Source: WHO Disease Outbreaks - Category: Infectious Diseases Tags: news Source Type: news
ing Bats are known to harbor and transmit many emerging and re-emerging viruses, many of which are extremely pathogenic in humans but do not cause overt pathology in their bat reservoir hosts: henipaviruses (Nipah and Hendra), filoviruses (Ebola and Marburg), and coronaviruses (SARS-CoV and MERS-CoV). Direct transmission cycles are often implicated in these outbreaks, with virus shed in bat feces, urine, and saliva. An additional mode of virus transmission between bats and humans requiring further exploration is the spread of disease via arthropod vectors. Despite the shared ecological niches that bats fill with many h...
Source: Viruses - Category: Virology Authors: Tags: Review Source Type: research
A. Bowen Vincent J. Munster MERS-CoV is present in dromedary camels throughout the Middle East and Africa. Dromedary camels are the primary zoonotic reservoir for human infections. Interruption of the zoonotic transmission chain from camels to humans, therefore, may be an effective strategy to control the ongoing MERS-CoV outbreak. Here we show that vaccination with an adjuvanted MERS-CoV Spike protein subunit vaccine confers complete protection from MERS-CoV disease in alpaca and results in reduced and delayed viral shedding in the upper airways of dromedary camels. Protection in alpaca correlates with high serum ne...
Source: Viruses - Category: Virology Authors: Tags: Article Source Type: research
ng Zhou During the past two decades, three zoonotic coronaviruses have been identified as the cause of large-scale disease outbreaks–Severe Acute Respiratory Syndrome (SARS), Middle East Respiratory Syndrome (MERS), and Swine Acute Diarrhea Syndrome (SADS). SARS and MERS emerged in 2003 and 2012, respectively, and caused a worldwide pandemic that claimed thousands of human lives, while SADS struck the swine industry in 2017. They have common characteristics, such as they are all highly pathogenic to humans or livestock, their agents originated from bats, and two of them originated in China. Thus, it is highly...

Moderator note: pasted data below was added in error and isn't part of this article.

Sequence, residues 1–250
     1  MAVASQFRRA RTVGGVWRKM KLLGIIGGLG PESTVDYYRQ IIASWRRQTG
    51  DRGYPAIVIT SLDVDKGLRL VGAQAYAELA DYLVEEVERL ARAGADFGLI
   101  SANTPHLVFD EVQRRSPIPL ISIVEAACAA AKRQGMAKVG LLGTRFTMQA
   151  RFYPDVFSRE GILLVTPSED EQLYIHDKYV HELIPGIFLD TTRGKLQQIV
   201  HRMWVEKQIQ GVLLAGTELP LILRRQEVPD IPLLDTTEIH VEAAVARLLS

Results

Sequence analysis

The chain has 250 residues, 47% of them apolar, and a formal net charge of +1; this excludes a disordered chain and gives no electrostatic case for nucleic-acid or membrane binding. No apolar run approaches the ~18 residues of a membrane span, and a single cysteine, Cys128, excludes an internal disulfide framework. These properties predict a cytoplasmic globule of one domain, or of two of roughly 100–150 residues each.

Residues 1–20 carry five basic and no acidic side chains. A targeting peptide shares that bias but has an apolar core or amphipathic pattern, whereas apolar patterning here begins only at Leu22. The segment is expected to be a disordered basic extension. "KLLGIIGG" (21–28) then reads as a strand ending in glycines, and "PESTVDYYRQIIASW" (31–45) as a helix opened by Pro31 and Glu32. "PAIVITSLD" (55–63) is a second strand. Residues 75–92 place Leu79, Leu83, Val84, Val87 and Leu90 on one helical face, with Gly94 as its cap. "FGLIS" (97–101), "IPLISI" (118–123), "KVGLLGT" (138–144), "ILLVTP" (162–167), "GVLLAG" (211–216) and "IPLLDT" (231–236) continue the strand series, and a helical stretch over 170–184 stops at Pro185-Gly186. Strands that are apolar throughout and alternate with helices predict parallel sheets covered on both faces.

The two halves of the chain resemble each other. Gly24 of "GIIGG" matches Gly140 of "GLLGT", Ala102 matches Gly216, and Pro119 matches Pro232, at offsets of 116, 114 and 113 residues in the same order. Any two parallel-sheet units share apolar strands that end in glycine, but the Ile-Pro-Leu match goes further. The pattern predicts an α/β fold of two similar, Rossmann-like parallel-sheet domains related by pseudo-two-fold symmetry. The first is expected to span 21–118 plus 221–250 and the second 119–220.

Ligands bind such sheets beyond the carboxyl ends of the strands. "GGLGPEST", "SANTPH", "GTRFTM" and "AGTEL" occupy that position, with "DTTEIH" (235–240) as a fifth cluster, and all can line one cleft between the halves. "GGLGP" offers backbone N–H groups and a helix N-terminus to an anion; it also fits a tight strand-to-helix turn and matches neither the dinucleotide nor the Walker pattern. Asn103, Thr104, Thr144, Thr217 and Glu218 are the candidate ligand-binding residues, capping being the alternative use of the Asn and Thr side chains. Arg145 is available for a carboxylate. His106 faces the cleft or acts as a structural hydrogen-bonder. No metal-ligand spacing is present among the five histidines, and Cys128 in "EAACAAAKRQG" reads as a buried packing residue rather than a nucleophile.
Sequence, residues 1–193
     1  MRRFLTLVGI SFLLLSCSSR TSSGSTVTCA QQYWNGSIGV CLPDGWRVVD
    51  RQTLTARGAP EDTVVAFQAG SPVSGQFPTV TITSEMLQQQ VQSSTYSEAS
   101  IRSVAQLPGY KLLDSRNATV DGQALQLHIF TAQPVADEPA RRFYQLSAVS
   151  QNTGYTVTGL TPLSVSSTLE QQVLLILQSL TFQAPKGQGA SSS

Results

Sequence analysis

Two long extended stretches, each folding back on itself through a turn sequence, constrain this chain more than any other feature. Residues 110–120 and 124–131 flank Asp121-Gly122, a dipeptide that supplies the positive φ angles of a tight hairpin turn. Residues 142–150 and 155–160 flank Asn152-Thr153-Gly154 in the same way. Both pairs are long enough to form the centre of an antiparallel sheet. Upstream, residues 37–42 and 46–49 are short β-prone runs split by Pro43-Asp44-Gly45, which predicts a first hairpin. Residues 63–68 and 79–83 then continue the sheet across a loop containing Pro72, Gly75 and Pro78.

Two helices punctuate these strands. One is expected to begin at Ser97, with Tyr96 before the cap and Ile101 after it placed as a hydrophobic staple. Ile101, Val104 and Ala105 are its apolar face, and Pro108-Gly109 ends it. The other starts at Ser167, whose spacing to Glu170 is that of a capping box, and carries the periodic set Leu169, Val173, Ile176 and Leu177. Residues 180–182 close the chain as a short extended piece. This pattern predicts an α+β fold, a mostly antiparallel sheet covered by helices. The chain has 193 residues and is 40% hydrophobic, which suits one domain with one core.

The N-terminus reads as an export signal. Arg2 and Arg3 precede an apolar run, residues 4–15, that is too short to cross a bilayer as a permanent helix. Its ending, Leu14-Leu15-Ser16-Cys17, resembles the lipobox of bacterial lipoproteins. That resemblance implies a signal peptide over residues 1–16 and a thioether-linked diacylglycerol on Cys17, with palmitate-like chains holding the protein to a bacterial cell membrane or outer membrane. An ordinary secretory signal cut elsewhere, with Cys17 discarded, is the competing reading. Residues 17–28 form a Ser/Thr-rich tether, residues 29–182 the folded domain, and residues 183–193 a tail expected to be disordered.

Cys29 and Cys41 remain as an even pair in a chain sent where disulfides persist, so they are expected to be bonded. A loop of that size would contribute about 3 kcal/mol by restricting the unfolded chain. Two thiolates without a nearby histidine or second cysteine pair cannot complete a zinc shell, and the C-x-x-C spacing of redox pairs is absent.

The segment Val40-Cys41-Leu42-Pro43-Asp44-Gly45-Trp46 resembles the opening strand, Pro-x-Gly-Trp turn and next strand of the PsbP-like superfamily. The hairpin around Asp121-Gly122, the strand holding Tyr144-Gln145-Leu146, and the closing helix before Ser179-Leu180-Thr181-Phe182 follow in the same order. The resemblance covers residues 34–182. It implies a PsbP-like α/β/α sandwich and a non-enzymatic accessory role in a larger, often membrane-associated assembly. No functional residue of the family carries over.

Source: Viruses - Category: Virology Authors: Tags: Review Source Type: research
On 6 February 2019, the National IHR Focal Point of The Kingdom of Saudi Arabia notified WHO of an ongoing outbreak of MERS-CoV infection in Wadi Aldwasir city and one of its hospitals (referred to as Hospital A). Between 29 January and 13 February 2019, 39 cases of MERS-CoV infection, including four deaths, were reported. At the time of writing, this outbreak remains ongoing. Human-to-human transmission has occurred between the index patient and health care workers, patients in the emergency department and intensive care unit (ICU) of Hospital A, and from patients to household contacts. As of 13 February, nine health care...
Source: WHO Disease Outbreaks - Category: Infectious Diseases Tags: news Source Type: news
This article aims at reviewing the various aspects of the global epidemiology of bat coronaviruses (CoVs). Before the SARS epidemic, bats were not known to be hosts for CoVs. In the last 15 years, bats have been found to be hosts of >30 CoVs with complete genomes sequenced, and many more if those without genome sequences are included. Among the four CoV genera, only alphaCoVs and betaCoVs have been found in bats. As a whole, both alphaCoVs and betaCoVs have been detected from bats in Asia, Europe, Africa, North and South America and Australasia; but alphaCoVs seem to be more widespread than betaCoVs, and their detec...
Source: Viruses - Category: Virology Authors: Tags: Review Source Type: research